Project Turbo Miata: We Broke It (Again)

Update by Tom Suddard to the Mazda Miata project car
Oct 10, 2017

After repairing a busted differential (thank you for the last-minute parts, Treasure Coast Miata), we headed down to “The Sebring 14,” a race hosted by the ChumpCar World Series Presented by RVA Graphics & Wraps, with a simple goal: Finish the race, have fun, and don’t blow up the car.

One out of three is acceptable, right? A few laps into the race, the car came back into the pits, steam billowing out of the radiator. Why? Despite our best attempts and two test days, we hadn’t managed to keep the rest of the car in one piece long enough to really test the drivetrain. Clearly, we’d done something wrong when reinstalling our rebuilt Treasure Coast Miata engine.

After letting everything cool down, we pulled the radiator for an inspection, and confirmed our fears: After pouring in a hail-mary of headgasket repair liquid during our last race (, a few chunks had clearly stayed in the car’s radiator, then worked themselves loose as soon as we went back out on track. The result? A partially-clogged radiator that couldn’t keep our turbocharged engine cool.

Why hadn’t we noticed the problem sooner? As it turns out, 1.8-liter Miatas don’t have a real temperature gauge, but rather a dummy gauge that always shows normal unless the engine is cold or properly overheated. Rather than indicate the car was running warm, our dummy gauge was insisting that everything was fine.

So, our radiator was clogged, our gauge was useless, and we still had 13 hours of racing left to complete. What next? Easy: Go back out on track. We installed a real temperature gauge, then flushed the radiator as best as we could and went back out. These fixes helped, but didn’t solve the problem. Rather than overheat, we now found ourselves driving to the coolant gauge’s demands, backing off the throttle as soon as it started climbing. That meant slow laps and little fun, but at least we were getting some track time. Why not install a spare radiator? We didn’t have one, and didn’t have any luck finding one locally. Oops.

After a few hours of near-overheating, the car came back to the pits with new problems: A misfiring cylinder and a huge exhaust leak. Fortunately the misfire was just a loose plug wire, but the exhaust leak was more serious, requiring removal of the turbo. Even better was a large oil leak, which we noticed while diagnosing the leaking exhaust.

At this point, we figured we’d pushed our luck enough with a brand new engine under the hood, so we put the car on the trailer. We’d failed at Sebring, but at least there were lessons to learn. Don’t bring an untested car to a 14-hour-long endurance race. Don’t trust a factory Miata gauge. Bring a spare radiator. And don’t trust headgasket-fix-in-a-can.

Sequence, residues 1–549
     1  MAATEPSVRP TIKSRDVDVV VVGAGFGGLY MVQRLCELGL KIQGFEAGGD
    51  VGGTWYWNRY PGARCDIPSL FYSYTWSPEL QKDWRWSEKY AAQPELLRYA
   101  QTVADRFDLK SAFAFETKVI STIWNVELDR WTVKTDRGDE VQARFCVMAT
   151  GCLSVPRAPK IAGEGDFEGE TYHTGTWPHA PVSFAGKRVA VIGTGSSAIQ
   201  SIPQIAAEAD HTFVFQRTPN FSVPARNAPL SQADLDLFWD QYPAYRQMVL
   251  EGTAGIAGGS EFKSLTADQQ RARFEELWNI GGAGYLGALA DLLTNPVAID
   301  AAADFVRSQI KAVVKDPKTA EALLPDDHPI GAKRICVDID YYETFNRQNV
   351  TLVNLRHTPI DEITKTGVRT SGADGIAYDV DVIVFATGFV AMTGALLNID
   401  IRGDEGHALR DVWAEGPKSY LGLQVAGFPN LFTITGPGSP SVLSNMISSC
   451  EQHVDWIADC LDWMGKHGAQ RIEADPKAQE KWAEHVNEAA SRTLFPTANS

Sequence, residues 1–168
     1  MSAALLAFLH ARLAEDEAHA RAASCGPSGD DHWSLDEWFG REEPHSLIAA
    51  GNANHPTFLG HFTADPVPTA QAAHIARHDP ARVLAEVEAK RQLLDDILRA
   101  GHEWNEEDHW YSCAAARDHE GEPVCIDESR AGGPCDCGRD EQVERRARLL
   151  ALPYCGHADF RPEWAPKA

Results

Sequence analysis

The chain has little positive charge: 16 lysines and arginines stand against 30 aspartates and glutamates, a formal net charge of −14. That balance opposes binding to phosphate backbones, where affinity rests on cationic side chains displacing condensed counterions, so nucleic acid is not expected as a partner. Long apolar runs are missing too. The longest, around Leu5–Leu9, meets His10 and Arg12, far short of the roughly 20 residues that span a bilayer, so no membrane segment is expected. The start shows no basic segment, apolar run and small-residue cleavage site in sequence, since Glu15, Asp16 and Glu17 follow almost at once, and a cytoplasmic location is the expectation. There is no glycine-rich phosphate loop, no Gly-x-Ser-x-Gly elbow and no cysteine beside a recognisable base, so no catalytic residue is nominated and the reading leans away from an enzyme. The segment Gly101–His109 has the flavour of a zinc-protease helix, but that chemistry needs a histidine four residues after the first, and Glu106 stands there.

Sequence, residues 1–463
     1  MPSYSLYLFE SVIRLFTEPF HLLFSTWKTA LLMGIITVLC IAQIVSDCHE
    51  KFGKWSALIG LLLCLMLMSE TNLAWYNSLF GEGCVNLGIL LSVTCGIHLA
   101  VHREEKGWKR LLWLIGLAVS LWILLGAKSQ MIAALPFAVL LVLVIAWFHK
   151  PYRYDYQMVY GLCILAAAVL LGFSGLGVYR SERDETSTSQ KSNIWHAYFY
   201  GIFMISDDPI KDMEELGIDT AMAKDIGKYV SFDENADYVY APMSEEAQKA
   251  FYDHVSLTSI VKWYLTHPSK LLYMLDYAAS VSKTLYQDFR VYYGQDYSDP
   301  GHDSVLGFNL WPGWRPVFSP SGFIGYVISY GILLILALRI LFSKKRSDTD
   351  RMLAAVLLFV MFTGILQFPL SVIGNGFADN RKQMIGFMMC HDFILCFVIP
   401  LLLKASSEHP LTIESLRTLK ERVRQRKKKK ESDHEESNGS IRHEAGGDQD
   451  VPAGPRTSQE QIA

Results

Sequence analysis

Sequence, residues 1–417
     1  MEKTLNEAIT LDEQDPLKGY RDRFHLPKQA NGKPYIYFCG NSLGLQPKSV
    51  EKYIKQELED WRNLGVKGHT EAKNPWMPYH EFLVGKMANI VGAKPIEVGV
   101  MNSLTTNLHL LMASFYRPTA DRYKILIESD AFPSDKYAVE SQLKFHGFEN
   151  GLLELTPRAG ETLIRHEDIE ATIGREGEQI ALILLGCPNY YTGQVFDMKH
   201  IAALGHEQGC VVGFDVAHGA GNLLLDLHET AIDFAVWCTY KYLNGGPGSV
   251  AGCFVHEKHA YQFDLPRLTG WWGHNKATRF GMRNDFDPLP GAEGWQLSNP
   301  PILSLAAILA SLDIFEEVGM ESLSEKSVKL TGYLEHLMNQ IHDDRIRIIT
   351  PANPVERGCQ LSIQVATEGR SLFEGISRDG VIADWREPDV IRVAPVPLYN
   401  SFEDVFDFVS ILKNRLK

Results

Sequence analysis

Time to spend some more time in the garage.

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View comments on the GRM forums
noddaz SuperDork
10/10/17 1:42 p.m.

Besides what you guys might think, (and I don't mean this in a bad way) it is good to hear that not everything works properly on race day for you.  You read some other magazines and everything seems to work perfectly all the time...

Miles Wilson
Miles Wilson Marketing Assistant
10/11/17 9:51 a.m.

@noddaz You would probably not be surprised to find out many of our readers feel similarly. It's good fun being part of a team that jumps into replacing a differential at 10:00pm the night before our race, improvises quickly enough to keep the car running after it quits on us, and lives to share these real experiences with other racers.

Win or loose, we come to have fun and keep it real!

alfadriver GRM+ Memberand MegaDork
10/11/17 11:09 a.m.

May be a dumb question, but have you guys thought about going to just a basic 1.8l engine?  Just to finish races and all?

May end up being too easy of a solution, though.

Tom Suddard
Tom Suddard GRM+ Memberand Digital Experience Director
10/11/17 11:30 a.m.

Nah, where's the fun in that? We've thought about it extensively, but keep having that vision of a winning turbo car instead.


sergio Reader
10/12/17 1:09 p.m.

That's the way it goes. You can race a few times not have any problems and  finish. Then out of the blue something breaks an hour or two into the race and your done. But when it all goes good it's lots of fun. 

NickD SuperDork
10/12/17 2:06 p.m.

Ya'll need to pit this thing up against the Roadkill Rotsun in a race to see which has a catastrophic failure first


GUNDY Reader
11/4/17 12:29 a.m.

Quote "And don’t trust headgasket-fix-in-a-can. " I seem to remember at Daytona while pouring it in, Tim saying this is from one of our advertisers that I am meeting with this week, we'll see if it works. I guess the answer is yes and no, it did plug up holes just the wrong ones.

jabos7 New Reader
12/30/17 12:46 p.m.

Tom-- I was reading up in the print about your 'braided stainless steel turbo oil feed line' and it reminded me (unfortunately) of a similar failure with brake lines.  Got 'em new off Flea-bay  for my '90 Civic hatch.  After 2 autocross meets I realized I was losing brake fluid from the master.  But, no drips, no puddles, no stains.  Topped it up and lost more --made me crazy until I pulled the front wheels off and noticed the brake lines were dis-colored.  -The fluid was leaking internally and starting to inflate the clear covering over the s.steel braiding!

I decided to go back to new OEM lines until I could trust a local hydraulic hose outfit to make up replacements, but found that the "feel" was so much better with fresh hoses I left them on.  -Cheaper to replace and keep fresh as needed.

Roll on!

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